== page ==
AutoMKV Installation and ConfigurationYou are viewing Page 3 of 5 -- Go to page 1 , 2 , 3 , 4 , 5

The Basic Settings Tab

As the name implies, the settings on this tab determine the basic elements of your encoded video, audio, and perhaps also subtitles. There are a number of decisions you can make here that will determine whether your output file is compatible with a particular player or application. The settings on this tab can be saved as defaults and used each time you start AutoMKV.

1. Container

The container you choose for your output affects not only which hardware can play it, but in some cases also the type of streams commonly supported. Although AVI files were once the standard for MPEG-4 video, the advantages of both the official MPEG-4 container (.MP4) and the Matroska container (.MKV), AVI's usefulness is generally limited to encoding for older standalone DVD players with MPEG-4 (DivX, XviD, etc,...) support. If your audio is going to be in any format other than AAC, MP4 is generally a poor choice as well. MKV, on the other hand, is well suited to nearly any video or audio format, and while not yet supported in hardware like DVD players and portable media players, it's well suited to computer-based playback.

For Windows Media Video encoding only the WMV container can be used. This is a limitation of the Microsoft encoder.

Encoder and Profile

Once you've selected a container you'll have a list of available codecs. Once you select the encoder you'll have either a short list of profiles available or, if you check the All Profiles checkbox, a long list. Each profile has a name describing the settings in some way, such as the number of passes, whether constant quality is being used, and what type of device can playback the video. If you need to reach a particular size you'll want to avoid the CQ (constant quality) settings and concentrate on the 2 pass profiles.

x264's and Constant Quality

If you've decided you prefer to do all your encoding to a particular quality rather than a pre-determined filesize you will likely select a constat quality profile of some kind. For x264 you'll be given the choice of either QP (constant quantizer) or CRF (constant rate factor) encoding. While you may be familiar with constant quantizer encoding from other video encoders, CRF encoding will give you generally superior results. Constant quantization has a tendency to either waste bits where the extra detail is invisible, and in the process limit the bitrate available to areas that could use more bits to represent details.

2. Output File Size

If you've selected a bitrate based encoding strategy (instead of CQ) AutoMKV can calculate the required video bitrate based on your selections for other (audio and subtitle streams) and an output size. If you would like all, or even the majority of your encodes to be the same size you can set it as a default here. If you want to calculate the bitrate to use instead of leaving that task up to AutoMKV you should set this option to Don't care about size. If you're encoding using a constant quality mode this setting will be unavailable.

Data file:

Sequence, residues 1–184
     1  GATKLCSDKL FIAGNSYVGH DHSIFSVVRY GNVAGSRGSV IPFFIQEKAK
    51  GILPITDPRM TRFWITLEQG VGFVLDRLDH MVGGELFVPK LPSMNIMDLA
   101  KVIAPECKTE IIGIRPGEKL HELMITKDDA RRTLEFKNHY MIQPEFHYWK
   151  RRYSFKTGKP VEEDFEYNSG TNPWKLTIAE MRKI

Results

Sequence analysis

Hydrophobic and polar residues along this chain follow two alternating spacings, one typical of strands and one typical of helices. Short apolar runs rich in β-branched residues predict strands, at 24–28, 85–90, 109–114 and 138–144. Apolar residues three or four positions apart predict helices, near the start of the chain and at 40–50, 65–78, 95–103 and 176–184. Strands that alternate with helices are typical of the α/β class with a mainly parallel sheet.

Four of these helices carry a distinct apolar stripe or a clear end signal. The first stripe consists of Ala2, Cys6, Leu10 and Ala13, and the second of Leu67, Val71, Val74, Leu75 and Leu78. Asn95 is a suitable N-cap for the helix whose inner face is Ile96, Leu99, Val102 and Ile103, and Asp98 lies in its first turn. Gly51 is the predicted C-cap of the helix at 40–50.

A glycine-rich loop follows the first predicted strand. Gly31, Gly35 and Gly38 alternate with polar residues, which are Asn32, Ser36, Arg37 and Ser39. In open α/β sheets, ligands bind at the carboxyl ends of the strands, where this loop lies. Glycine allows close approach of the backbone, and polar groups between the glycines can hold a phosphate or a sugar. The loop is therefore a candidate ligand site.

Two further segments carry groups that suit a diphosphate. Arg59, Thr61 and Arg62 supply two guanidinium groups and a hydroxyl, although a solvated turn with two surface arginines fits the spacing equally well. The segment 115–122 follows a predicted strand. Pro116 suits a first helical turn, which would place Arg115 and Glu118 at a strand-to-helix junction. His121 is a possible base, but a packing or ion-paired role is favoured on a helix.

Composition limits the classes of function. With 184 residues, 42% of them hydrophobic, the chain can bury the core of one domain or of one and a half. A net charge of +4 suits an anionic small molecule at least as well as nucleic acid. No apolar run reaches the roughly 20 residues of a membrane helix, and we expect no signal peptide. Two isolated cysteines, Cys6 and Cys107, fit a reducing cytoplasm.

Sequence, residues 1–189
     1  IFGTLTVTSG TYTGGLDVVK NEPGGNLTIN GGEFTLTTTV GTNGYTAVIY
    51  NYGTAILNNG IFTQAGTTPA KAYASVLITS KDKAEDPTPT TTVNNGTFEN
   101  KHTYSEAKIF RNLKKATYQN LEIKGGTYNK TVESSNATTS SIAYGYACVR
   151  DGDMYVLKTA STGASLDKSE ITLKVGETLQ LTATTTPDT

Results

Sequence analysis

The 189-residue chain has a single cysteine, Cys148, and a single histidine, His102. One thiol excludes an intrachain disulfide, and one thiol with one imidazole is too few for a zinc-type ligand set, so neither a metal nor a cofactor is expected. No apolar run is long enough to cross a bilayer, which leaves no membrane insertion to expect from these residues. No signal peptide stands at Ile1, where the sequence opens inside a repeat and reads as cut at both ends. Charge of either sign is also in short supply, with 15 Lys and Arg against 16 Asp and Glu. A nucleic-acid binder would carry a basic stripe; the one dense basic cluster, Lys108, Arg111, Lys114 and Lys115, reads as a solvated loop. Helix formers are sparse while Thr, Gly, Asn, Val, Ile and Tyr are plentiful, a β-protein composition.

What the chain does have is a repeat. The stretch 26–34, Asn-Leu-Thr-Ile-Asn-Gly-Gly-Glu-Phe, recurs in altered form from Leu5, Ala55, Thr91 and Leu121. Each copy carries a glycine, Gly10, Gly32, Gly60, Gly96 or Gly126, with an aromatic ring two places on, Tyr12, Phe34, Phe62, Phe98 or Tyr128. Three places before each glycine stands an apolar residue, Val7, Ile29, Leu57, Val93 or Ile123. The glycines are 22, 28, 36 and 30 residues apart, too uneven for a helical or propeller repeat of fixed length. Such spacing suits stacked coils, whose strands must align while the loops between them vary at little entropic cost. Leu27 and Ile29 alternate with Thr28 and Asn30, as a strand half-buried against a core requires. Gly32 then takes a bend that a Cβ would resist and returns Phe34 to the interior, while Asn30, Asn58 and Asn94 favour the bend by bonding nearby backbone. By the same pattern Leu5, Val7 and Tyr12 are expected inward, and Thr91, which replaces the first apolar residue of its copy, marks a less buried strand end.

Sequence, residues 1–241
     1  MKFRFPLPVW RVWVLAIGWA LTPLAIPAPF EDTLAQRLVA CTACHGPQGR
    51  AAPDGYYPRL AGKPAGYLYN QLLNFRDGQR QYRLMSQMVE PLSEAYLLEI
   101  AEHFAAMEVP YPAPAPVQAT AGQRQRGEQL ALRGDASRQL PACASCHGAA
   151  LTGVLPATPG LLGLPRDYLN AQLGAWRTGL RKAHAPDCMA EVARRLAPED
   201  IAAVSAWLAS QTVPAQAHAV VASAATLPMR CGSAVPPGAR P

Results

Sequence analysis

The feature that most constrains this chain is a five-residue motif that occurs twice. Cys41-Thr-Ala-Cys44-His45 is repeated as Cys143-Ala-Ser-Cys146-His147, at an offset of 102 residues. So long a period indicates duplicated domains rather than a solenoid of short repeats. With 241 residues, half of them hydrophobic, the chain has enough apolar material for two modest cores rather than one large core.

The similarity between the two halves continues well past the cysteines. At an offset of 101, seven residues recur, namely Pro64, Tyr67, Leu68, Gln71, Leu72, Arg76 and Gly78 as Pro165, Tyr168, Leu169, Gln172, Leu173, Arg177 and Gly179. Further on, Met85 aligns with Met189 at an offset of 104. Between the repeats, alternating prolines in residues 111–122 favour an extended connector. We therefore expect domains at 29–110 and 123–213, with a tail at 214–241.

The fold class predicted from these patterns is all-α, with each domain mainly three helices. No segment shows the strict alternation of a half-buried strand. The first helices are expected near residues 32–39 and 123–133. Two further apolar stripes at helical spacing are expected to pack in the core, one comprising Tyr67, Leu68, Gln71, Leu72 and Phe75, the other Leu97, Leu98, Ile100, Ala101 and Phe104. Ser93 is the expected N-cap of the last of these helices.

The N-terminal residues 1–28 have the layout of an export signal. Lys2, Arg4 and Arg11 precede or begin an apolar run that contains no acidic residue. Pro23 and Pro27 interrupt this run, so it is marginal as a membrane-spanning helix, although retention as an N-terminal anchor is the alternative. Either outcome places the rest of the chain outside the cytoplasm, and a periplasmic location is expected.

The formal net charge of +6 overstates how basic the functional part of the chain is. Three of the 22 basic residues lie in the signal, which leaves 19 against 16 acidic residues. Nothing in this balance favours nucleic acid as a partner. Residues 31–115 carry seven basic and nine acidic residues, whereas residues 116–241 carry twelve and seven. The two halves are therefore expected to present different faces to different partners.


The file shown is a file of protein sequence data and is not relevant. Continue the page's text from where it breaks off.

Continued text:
3. Resizers

If you'd like to resize your video before encoding, AutoMKV can add the appropriate lines to the AVS file which will be used for video encoding. If you want to resize, but aren't sure which resizing method will give you the "best" results you should try them for yourself to find out first hand. If that's too much trouble for you there are descriptions along with some of the resize options which tell you if there is any smoothing (blurring) or sharpening involved. A method noted as neutral doesn't do a lot of sharpening or smoothing to the image. While sharper images generally look better to the human eye, smooth images compress better because they have less detail.

You're not required to resize just because you're re-encoding. If you prefer not to do any resizing by default you can select NONE.

4. Audio Tracks

You can select up to two audio tracks to mux with the encoded video output. The audio can either be transcoded to a format like AAC or MP3 or kept with no modification. Here is where your choice of container also becomes important. If you're creating a MP4 file you should use AAC audio. Both the Nero and Coding Tech AAC options should give you good results. If your final destination is an AVI file you'll want to stick with either MP3 or AC-3 (Dolby Digital). If you're converting to a MKV file you have the widest variety of options. Since Matroska is specifically designed to work with any codec, there should be no issue using just about any kind of audio you want in your MKV files.

5. Save Settings

After setting the general options you want to use as defaults you can save your settings. From now on these settings will already be configured when you start AutoMKV.

Continued On Page 4

Next we'll take a look at some Advanced Settings. Although many of the options on the Advanced Settings tab may vary from one encoding job to the next, if you're like me you probably have some default settings you like to start with. If you're not sure yet what kind of video you'll be encoding from, or where you'll be playing it back you may not be ready to set any defaults, but should still familiarize yourself with the settings.

Page 4 - Advanced Settings

AutoMKV Installation and ConfigurationYou are viewing Page 3 of 5 -- Go to page 1 , 2 , 3 , 4 , 5
Written by: Rich Fiscus
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